‘Down in the hole, lingeringly, the grave digger puts on the forceps.’ (Yesterday, today, tomorrow.)

Next day. Same time. Same place.

Saw Sean Mathias’ production of Samuel Beckett’s Waiting for Godot last night. Woke up sad that it was yesterday and it’s over. It (so knowingly) passed the time.

I really enjoyed the production, particularly the physicality of it – the gestures, the slapstick. When they said ‘calm yourself’, they would put one hand on their heart and pat it with the other. When Pozzo sat he took a long time to do so. (And one of the highlights of my night was seeing audience members joyously imitating him when they returned to their seats at intermission.)

The cast were wonderful and well-suited to their roles. Roger Rees was heartbreaking as Vladimir – in his distress, his frustration, his hope. Sir Ian McKellen was cheeky, at times hilariously so, as Estragon: poking out his tongue, dancing (Michael Jackson-style) and speaking with an accent. Pozzo and Lucky were also great – Pozzo’s big facial expressions and real tears, Lucky’s Riff-Raff hairdo and coming alive in his big ‘think’-speech.

The sound design was clever, such as when Didi and Gogo came to the front of the stage and it seemed as though they hit a force field. And I was fortunate to be close enough to the stage to note the details on the set (a grey, apocalyptic landscape), and to smell Pozzo’s cherry tobacco smoke.

The play itself: well, it’s about everything and nothing, isn’t it? The passing of time and the occupation of time, trying not to look at death, needing someone and not wanting anyone, the futility of existence (of nature, of happiness, even), moments of panic, feeling tired of it all (getting used to it all), and hope (and maybe, company) being the only thing keeping them from truly pursuing the rope and the tree.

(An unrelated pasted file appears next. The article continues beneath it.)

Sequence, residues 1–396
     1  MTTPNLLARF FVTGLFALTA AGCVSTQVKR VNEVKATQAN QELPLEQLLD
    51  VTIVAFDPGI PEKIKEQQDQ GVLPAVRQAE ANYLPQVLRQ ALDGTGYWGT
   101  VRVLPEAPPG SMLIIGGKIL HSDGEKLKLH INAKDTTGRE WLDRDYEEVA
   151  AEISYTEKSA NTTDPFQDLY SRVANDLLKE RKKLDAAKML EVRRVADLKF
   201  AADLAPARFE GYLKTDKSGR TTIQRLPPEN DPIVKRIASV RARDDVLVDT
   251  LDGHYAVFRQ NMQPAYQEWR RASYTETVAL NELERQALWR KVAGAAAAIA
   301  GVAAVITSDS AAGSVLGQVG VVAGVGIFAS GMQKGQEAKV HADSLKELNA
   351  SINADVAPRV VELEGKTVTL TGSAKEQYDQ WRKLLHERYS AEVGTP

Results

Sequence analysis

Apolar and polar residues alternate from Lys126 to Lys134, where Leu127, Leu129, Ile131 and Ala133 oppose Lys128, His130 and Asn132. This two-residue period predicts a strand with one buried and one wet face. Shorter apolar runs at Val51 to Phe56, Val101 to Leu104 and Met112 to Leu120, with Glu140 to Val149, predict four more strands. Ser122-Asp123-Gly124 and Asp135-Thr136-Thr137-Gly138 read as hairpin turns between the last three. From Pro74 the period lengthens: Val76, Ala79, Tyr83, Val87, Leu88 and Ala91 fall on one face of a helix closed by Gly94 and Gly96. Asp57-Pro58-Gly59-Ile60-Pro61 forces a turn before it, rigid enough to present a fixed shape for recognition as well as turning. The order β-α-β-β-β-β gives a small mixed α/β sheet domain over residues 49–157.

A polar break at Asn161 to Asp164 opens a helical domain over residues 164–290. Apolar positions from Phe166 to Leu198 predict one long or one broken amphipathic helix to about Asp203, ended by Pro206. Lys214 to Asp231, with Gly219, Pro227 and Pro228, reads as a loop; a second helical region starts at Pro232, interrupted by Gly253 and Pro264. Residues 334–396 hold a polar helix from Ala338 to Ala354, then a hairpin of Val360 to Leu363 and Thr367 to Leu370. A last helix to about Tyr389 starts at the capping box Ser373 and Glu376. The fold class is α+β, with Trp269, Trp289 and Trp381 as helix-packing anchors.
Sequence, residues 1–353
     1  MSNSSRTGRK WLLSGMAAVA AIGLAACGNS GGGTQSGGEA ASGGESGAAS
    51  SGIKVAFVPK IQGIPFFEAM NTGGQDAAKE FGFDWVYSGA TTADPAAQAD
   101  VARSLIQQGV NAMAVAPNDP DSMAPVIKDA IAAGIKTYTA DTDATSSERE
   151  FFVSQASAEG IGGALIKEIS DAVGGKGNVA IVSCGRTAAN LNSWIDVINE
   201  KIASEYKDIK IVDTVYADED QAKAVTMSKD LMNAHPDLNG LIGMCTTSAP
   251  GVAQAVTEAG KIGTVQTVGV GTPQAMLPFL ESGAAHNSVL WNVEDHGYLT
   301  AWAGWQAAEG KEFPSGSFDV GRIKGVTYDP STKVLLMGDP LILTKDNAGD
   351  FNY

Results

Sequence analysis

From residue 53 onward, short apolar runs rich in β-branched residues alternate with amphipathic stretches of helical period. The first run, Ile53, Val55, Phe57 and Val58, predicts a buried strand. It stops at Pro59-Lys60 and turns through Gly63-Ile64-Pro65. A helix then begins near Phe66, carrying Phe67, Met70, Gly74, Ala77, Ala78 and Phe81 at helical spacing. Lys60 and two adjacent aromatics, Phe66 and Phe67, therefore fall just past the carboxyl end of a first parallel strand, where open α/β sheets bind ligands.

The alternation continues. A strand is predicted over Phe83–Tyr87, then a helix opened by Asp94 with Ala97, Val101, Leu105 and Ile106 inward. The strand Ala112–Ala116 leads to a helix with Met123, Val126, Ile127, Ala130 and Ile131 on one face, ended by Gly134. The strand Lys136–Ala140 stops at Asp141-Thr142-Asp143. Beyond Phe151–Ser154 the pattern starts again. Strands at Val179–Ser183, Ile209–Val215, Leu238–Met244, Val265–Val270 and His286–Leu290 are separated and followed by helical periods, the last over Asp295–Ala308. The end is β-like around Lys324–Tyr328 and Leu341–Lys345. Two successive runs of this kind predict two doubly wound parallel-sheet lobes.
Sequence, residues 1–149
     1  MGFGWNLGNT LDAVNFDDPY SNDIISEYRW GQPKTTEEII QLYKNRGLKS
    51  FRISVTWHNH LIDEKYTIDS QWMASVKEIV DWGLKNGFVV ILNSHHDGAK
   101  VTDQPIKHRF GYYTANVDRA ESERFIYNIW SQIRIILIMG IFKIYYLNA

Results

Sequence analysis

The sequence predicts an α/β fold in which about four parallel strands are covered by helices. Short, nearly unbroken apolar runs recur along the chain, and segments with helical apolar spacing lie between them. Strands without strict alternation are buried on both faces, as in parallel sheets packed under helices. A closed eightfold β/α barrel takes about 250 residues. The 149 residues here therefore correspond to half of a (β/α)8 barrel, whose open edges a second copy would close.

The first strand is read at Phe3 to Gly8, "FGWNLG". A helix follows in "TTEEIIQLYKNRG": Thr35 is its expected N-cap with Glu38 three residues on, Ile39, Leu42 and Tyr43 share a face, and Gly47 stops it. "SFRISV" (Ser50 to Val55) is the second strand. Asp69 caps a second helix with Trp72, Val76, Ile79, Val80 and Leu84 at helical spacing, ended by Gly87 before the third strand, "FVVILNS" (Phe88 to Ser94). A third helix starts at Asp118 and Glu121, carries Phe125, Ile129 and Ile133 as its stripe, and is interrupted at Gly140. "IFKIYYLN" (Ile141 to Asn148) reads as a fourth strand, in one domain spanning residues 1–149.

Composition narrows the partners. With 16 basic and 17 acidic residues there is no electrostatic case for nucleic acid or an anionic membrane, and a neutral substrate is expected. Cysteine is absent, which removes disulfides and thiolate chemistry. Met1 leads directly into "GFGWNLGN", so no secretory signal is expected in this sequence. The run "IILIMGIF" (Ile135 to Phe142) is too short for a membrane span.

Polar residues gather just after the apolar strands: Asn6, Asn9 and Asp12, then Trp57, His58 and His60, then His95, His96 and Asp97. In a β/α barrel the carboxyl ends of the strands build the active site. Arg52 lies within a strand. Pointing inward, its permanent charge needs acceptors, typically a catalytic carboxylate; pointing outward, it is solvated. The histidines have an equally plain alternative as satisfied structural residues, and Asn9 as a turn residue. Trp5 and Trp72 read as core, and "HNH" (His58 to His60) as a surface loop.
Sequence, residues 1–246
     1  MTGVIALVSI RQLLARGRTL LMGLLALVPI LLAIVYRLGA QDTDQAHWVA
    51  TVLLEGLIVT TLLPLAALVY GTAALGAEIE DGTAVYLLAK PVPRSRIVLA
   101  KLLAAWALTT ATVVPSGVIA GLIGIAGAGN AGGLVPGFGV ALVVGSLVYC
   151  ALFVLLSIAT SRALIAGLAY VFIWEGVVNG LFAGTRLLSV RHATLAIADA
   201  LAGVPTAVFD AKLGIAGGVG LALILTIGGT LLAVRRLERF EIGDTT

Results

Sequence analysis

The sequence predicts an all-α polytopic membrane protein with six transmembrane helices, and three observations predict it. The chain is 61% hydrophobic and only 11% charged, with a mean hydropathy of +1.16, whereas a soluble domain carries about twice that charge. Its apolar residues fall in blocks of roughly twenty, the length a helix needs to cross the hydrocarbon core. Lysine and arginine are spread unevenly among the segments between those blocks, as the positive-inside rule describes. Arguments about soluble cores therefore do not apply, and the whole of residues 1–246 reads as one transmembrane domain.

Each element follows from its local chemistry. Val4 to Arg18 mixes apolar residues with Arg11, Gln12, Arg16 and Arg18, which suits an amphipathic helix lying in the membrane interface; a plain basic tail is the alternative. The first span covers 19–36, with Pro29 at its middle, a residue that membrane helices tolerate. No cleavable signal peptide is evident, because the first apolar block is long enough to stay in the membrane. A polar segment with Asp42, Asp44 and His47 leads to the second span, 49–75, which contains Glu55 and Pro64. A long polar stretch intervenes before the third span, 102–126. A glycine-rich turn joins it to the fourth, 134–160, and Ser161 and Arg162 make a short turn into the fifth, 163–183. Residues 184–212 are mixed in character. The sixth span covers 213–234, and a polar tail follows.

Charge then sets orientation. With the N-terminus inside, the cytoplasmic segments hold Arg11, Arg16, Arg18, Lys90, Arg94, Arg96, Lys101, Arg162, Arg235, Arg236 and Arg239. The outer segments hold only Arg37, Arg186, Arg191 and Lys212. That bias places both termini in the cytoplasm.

My copy of Elif Batuman’s The Possessed arrived in the mail last week:


After reading this wonderful book, I tracked down Elif for a ‘responsive’ interview, which I’ll post here very soon.


I very much enjoyed my session at the Williamstown Literary Festival last Sunday. Lisa Dempster and I spoke about blogging to an interested and engaged audience, who were full of questions. Thanks so much for coming! I also have an article on blogging coming up in the NSW Writers Centre magazine, Newswrite.

I fell in love with the little suburb of Williamstown, too. It’s quiet, on the beach, and features some gorgeous old cottages and colourful, cluttered gardens. The locals were all very friendly. G and I had lunch at the Rotunda, down by the beach and watched kids play.

By the by, G has written about the Tim Burton exhibition, which is coming to Melbourne. He’s also looking to talk to some hardcore Burton fans, for an article he’s writing. Know anyone? Particularly if they’re inked with something Burtonesque… Let him know via Twitter.


You might also have caught me in Epicure, in the Age last Tuesday, with my fridge?


Last week, I sojourned down to Sydney for an intense couple of days at UWS. Besides meetings, there was a seminar by Marion May Campbell, called Staging Disappearance, where she looked at works from Monique Wittig and Angela Carter. I found it complex, but her discussion of punctuation was enlightening – the / in Wittig’s work – a fracture, an opening for ‘resignification and transformation’; and the semicolons in Angela Carter’s story ‘The Bloody Chamber’: ‘A mere semicolon separates desire from its object’. I found Campbell’s language creatively expansive, even if I did not agree with, or even follow, everything. I love thinking about the body – presence, absence/interior, exterior/veiled, sectioned, objectified; and as one of the academics put it: as a machine of pleasure, and of violence.


Two necessary links for you this week:

Paper Radio. A new audio journal. Download the first fiction podcast, Chris Somerville’s story ‘The Drowning Man’ from the website, or access it from iTunes.

Literary Magazines Australia. A portal for some of our finest.



2 thoughts on “‘Down in the hole, lingeringly, the grave digger puts on the forceps.’ (Yesterday, today, tomorrow.)

  1. Pingback: Tweets that mention ‘Down in the hole, lingeringly, the grave digger puts on the forceps.’ (Yesterday, today, tomorrow.) – LiteraryMinded -- Topsy.com

  2. Well thank you very much for the shout out 🙂

    In my sprawling ignorance, and for reasons pertaining exclusively to my own curiosity, I’m wondering if any of your wonderful readers might be able to point me in the direction of any absurdist plays either authored by women, or in which at least a single female character features prominently? Bit of a dude ranch, in my experience, the theatre of the absurd.

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